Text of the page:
Odds of a second $1,200 stimulus check continue to fall

Bank review, current USBR score and consumer report

Our mission to make business better is fueled by readers like you. To enjoy unlimited access to our journalism, subscribe today.

For the millions of Americans waiting on another stimulus check this winter, the news isn’t good: Those $1,200 checks may not be coming.

On Tuesday, a group of bipartisan senators including Republican Mitt Romney and Democrat Joe Manchin announced a $908 billion stimulus proposal. The bill includes items like enhanced unemployment insurance and state funding, but it doesn’t include another round of $1,200 stimulus checks.

In a surprise move, House Speaker Nancy Pelosi was open to the $908 billion package, saying it “should be used as the basis” for negotiations moving forward, despite her having argued firmly for a multi-trillion-dollar package for months. It also marks the first time Pelosi voiced support for a bill that didn’t include stimulus checks.

That means both Republican and Democratic leaders appear to be poised to back a package without checks—a notable shift considering both Pelosi and President Trump supported another round of checks while negotiating before the election.

Senate Majority Leader Mitch McConnell, who has taken over for Treasury Secretary Steve Mnuchin as the chief negotiator in the talks, is still vying for a smaller bill without direct payments. The White House reaffirmed Thursday it is backing McConnell’s plan. And if any bill is going to pass this year, it’ll need McConnell’s approval.

McConnell passed around his version of the next stimulus package on Tuesday, but with a much lower price tag: Several hundred billion lower, in fact. Like the bipartisan bill, McConnell’s plan also wouldn’t include stimulus checks.

One reason stimulus checks are on the chopping block? Time is running out. Congress has until Dec. 11 to pass a spending bill to fund the government, and analysts and economists argue passing a “bridge” stimulus bill will be essential to helping the unemployed and small businesses survive until a vaccine can be widely distributed next year. Simply put: Democratic leaders so far appear willing to sacrifice some spending items in order to get more fiscally-conservative Senate Republicans on board and pass something this month.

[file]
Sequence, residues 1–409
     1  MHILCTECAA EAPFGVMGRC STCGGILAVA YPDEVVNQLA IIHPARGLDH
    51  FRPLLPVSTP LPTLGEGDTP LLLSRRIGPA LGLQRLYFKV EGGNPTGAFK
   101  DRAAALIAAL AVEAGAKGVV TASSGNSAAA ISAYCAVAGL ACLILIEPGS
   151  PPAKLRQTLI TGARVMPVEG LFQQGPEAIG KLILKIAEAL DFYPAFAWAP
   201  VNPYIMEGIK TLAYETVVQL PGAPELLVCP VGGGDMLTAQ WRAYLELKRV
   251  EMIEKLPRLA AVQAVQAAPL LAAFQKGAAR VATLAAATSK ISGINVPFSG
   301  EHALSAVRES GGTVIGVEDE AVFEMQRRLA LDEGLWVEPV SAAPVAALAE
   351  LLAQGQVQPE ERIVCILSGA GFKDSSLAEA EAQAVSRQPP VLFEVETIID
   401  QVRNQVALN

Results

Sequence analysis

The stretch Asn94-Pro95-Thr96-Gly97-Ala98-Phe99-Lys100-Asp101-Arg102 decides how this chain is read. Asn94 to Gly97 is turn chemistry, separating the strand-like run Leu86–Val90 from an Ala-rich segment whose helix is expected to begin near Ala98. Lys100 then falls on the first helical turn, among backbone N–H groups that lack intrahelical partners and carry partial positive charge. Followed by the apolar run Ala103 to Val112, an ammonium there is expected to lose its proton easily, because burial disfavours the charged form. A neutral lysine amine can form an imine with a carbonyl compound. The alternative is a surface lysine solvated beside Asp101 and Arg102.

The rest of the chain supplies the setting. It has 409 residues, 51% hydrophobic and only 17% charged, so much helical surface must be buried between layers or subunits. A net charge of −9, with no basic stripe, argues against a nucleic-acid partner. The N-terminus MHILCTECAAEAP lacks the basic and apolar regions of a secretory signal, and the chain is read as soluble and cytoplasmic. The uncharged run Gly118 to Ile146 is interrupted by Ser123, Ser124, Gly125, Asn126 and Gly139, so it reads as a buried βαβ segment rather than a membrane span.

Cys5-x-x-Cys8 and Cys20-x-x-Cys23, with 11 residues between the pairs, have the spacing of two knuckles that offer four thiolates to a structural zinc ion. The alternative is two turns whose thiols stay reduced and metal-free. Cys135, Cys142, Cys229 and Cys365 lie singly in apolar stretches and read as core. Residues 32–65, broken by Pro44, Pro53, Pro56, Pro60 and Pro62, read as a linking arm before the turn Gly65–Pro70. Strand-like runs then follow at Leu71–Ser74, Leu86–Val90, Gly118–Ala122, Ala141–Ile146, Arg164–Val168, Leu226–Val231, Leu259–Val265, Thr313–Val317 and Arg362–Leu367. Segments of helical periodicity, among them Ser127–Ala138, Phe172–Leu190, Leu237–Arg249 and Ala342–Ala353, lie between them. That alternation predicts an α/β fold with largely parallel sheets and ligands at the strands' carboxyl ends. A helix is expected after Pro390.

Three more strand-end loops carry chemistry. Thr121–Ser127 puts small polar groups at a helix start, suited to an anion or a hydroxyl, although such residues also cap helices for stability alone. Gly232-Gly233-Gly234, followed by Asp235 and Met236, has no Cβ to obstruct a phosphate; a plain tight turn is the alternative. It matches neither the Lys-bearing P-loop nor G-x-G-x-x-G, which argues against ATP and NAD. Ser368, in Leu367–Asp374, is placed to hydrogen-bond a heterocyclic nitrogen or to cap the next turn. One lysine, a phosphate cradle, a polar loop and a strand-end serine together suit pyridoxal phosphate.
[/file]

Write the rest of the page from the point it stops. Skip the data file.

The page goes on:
Still, a December stimulus package doesn’t completely rule out another round of checks in 2021. If Democrats win both Senate seats heading for runoff elections in Georgia on January 5, they’d gain control of the Senate and have the power to push through another stimulus package—which could include direct payments. But if Republicans retain the Senate, chances for another stimulus check would likely be dead.

As Tom Porcelli, chief U.S. economist at RBC Capital Markets, recently told Fortune: “I think [more stimulus checks are] going to be a very hard sell. If you have a Republican Senate, I think that’s almost a nonstarter.”

More must-read finance coverage from Fortune:

11 Things You Should Know Before You Get Your First Credit Card

A credit card may seem like just another tool to help you make purchases, but it can be much more. When used responsibly, a credit card can help you build

What Is a Balance Transfer, and Should I Consider Doing One?

In a perfect world, no one would carry a balance on their credit card. We would all pay our bills in full each month and never have to worry about

How Is Credit Card Interest Calculated?

So your bank tells you that your credit card has a 15% APR. What does that actually mean? How does your bank calculate your interest rate, and how does that translate into how much you actually pay? …

What Is a Balance Transfer, and Should I Consider Doing One?

In a perfect world, no one would carry a balance on their credit card. We would all pay our bills in full each month and never have to worry about

Subscribe to our e-mail list and stay up-to-date with all our news.

The US Bank Review is an independent authority and bank watchdog group monitoring financial institutions operating the in United States. We have no affiliation with any banks featured, reviewed or profiled. All rights reserved. Terms of use and Privacy Policy